Kenya's chief prosecutor has ordered police and an anti-corruption agency to investigate the country's election commission for alleged "irregularities and illegalities" in August's annulled presidential poll.
Director of public prosecutions Keriako Tobiko said on the wide-ranging investigations into the Independent Electoral and Boundaries Commission (IEBC) must be completed within 21 days.
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The election board had said incumbent President Uhuru Kenyatta won the contest by 1.4 million votes, but the opposition said the country's electronic voting system had been hacked and the results were doctored.
A fresh presidential election between Kenyatta and opposition leader Raila Odinga is due on October 26.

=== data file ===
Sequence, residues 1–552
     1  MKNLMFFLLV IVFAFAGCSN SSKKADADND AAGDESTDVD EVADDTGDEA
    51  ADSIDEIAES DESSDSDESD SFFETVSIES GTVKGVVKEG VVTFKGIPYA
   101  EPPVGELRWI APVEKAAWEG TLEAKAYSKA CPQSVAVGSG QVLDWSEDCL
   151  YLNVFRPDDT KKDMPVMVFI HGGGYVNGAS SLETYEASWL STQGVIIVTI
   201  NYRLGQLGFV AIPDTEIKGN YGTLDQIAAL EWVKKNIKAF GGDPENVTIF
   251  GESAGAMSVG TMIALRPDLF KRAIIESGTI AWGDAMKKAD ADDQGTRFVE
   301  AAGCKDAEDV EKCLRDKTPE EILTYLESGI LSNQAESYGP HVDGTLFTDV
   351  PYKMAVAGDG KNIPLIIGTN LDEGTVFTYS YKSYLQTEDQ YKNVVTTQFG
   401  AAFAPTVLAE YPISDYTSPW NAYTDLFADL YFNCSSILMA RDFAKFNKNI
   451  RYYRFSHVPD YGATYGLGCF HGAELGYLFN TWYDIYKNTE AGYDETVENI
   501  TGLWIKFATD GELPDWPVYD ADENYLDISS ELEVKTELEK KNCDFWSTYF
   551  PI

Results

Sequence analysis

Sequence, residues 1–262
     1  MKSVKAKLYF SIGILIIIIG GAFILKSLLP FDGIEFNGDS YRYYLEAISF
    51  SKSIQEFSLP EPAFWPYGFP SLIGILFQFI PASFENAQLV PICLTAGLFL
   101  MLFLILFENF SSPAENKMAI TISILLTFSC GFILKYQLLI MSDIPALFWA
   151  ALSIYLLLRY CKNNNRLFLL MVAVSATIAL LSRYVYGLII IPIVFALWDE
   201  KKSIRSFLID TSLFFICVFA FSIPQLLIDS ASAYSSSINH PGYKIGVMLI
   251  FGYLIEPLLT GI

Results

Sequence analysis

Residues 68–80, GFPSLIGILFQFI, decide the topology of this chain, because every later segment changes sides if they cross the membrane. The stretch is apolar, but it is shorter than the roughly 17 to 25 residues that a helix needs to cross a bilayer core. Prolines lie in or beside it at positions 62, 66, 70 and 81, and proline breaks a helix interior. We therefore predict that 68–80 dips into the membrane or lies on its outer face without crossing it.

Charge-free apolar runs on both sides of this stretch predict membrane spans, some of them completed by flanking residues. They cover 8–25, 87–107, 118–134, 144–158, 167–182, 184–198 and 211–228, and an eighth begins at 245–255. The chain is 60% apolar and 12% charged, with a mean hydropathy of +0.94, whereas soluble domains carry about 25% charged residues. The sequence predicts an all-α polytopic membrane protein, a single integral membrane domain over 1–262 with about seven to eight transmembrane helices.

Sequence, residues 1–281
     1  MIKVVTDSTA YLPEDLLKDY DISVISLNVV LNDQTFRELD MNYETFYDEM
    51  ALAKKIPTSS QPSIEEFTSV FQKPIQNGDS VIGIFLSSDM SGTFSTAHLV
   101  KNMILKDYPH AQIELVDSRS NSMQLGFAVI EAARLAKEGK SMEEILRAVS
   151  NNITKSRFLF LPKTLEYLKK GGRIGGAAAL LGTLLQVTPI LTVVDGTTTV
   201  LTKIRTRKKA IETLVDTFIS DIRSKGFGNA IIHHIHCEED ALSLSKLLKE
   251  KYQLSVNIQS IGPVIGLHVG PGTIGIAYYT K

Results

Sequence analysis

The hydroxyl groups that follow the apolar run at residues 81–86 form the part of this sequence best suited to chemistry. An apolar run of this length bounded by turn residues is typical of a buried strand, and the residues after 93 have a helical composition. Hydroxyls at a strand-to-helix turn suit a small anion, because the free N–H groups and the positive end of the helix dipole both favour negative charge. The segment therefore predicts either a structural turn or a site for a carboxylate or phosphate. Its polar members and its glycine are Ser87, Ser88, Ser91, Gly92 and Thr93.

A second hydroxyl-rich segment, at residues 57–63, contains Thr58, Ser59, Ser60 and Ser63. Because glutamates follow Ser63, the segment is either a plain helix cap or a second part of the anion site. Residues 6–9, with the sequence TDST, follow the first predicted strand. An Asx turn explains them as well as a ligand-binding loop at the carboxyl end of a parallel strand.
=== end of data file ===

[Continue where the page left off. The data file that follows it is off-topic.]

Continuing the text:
Kobiko also said police and the anti-corruption agency should investigate allegations made by Odinga's National Super Alliance (NASA) against 11 senior IEBC commissioners accused of offences, and allegations from Kenyatta's Jubilee Party that two senior NASA leaders, Musalia Mudavadi and James Orengo, illegally accessed IEBC records.
Kenya's Supreme Court annulled the August 8 presidential election, in which Kenyatta was declared winner, after a legal challenge from Odinga.
The board overseeing the 2017 vote did not have all the tally forms when they announced the results, the court ruled on September 20.
It also said that some forms lacked security features such as watermarks, signatures or serial numbers, which calls their authenticity into question.
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As the Supreme Court delivered its full judgement, police used tear gas to disperse rival groups of protesters who had gathered outside the courthouse.
US-based Human Rights Watch (HRW) urged police to protect the judges involved in the ruling.
Dismas Mokua, a political risk analyst, warned of the potential of a constitutional crisis in Kenya.
"The IEBC should now go through the Supreme Court verdict with great detail, identify the illegalities and irregularities and address those issues to be ready for another election," he told Al Jazeera.